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Nipping things in the bud (bad dog behaviours)

Posted on 19th August 2022

A beagle dog leaning on a dining table and eating the tail of a battered fish

If I had a pound.........

The phrase "I just need to nip it in the bud" drives me mad

Now, I may be wrong, but to me it implies that something unwanted just needs to be stopped, without any consideration of why your dog may be misbehaving in the first place.

You see, when we humans notice unwanted behaviours in our dogs, it is often because they have become problematic for us. Yet, its likely our dogs have been trying to tell us something is wrong.


1. Human Concepts

Dogs work on safe/unsafe, threat/no threat, feels good/feels bad.

Dogs don't do wrong or right, it's a human concept. And, what is wrong to you may not be wrong to your neighbour. For example, my mum was brought up with the belief that living together is wrong; yet, here I am, living happily with Dave and the dogs "in sin". Oops!!


2. Emotional Dog Responses

Behaviour is driven by an emotional response so when we see something such as a dog:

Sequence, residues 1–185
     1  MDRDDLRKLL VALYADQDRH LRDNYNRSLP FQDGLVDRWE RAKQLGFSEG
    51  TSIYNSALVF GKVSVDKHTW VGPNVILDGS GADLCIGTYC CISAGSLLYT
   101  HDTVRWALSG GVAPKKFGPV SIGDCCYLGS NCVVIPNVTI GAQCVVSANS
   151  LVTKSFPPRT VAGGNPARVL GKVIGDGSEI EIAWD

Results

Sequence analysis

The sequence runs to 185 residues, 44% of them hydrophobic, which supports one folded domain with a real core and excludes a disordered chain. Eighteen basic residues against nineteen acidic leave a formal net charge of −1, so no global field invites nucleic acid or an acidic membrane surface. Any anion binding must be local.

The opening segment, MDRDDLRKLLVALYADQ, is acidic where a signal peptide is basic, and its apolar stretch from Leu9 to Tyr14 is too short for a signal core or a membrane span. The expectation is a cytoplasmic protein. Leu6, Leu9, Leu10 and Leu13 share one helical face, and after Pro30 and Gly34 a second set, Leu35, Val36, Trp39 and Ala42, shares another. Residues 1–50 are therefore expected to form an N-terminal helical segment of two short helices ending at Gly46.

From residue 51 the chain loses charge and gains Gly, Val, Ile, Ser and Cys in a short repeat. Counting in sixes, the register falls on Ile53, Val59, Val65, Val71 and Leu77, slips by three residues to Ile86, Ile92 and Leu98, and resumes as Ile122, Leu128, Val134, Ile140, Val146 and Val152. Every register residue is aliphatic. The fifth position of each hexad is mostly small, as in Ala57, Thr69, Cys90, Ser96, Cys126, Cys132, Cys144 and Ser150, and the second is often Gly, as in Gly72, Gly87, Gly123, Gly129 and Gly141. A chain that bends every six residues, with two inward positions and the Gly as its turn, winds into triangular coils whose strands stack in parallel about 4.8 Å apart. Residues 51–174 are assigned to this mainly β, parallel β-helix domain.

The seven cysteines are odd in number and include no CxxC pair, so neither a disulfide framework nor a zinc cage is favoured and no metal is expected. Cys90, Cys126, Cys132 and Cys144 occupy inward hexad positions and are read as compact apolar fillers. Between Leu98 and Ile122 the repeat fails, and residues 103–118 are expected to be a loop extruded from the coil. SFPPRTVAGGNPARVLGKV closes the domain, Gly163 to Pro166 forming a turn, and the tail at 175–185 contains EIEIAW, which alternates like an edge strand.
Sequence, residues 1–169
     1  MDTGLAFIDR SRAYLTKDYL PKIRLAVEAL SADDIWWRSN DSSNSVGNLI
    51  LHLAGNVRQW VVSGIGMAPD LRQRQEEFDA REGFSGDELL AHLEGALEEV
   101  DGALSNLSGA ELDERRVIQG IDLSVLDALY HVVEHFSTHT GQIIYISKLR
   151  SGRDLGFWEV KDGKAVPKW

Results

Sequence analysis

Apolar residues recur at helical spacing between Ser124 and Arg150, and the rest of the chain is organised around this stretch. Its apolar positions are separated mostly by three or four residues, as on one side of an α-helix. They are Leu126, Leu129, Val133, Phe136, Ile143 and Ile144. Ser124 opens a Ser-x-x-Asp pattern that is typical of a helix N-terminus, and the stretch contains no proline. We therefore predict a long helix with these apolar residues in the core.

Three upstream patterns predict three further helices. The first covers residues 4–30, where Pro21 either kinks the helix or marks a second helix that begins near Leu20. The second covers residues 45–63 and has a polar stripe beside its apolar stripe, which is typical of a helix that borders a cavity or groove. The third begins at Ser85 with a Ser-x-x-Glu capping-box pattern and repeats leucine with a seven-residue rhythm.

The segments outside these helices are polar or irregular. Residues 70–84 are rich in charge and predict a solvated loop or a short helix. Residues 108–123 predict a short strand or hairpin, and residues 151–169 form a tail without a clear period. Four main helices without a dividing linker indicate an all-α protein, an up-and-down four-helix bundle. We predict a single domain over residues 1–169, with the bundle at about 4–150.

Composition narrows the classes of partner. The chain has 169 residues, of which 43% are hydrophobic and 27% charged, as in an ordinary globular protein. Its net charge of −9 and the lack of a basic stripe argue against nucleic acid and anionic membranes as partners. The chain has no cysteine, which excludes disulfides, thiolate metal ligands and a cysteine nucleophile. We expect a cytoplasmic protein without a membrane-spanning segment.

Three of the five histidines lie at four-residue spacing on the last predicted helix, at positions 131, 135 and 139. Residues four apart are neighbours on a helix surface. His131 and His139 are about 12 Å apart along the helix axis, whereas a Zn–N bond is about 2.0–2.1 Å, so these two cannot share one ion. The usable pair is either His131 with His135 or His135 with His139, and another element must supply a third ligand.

• snapping
  • growling
  • lunging
  • jumping up
  • biting or more

there is always an emotion and a motivation behind this.


3. Memories (all alone in the moonlight)

We can't nip it in the bud because, with each behavioural response, a dog has has had a learning experience. This activates chemicals in the brain for both the short term and the long term memory centres. As a result, dogs have a coping mechanism or have learned how to gain access to something.


4. That Breed Thing Again

Other dog behaviours can be breed specific.

Take the Collie who chases a car at around 6 months old. - this is not a new behaviour, it is a naturally reoccurring behaviour. Collie's have the wrong target, usually because they are known to not have an appropriate grasp on chasing things and stopping movement.


5. Am I wrong?

A few months ago, 3 Lickimats with food on were on the side in my kitchen. Ghillie found them and scoffed the lot. Uh oh!

Immediately, what Dave and I knew was that he was very likely to repeat the behaviour of jumping up on the side and stealing stuff because eating three dog breakfasts was highly tempting!

So, we needed to nip it in the bud.

What did we do? We used control and management plus alternative behaviour reinforcement by:

  • removed all food from the side immediately
  • made sure he was out of the kitchen when we ate there
  • rewarded him when he had 4 paws on the kitchen floor

Jumping on the side has happened again.


If you want to "nip it in the bud" and prevent another reputation of negative dog behaviour immediately, or if you can't (or haven't) got help from a dog trainer or dog behaviourist. This is what my inbox is for.

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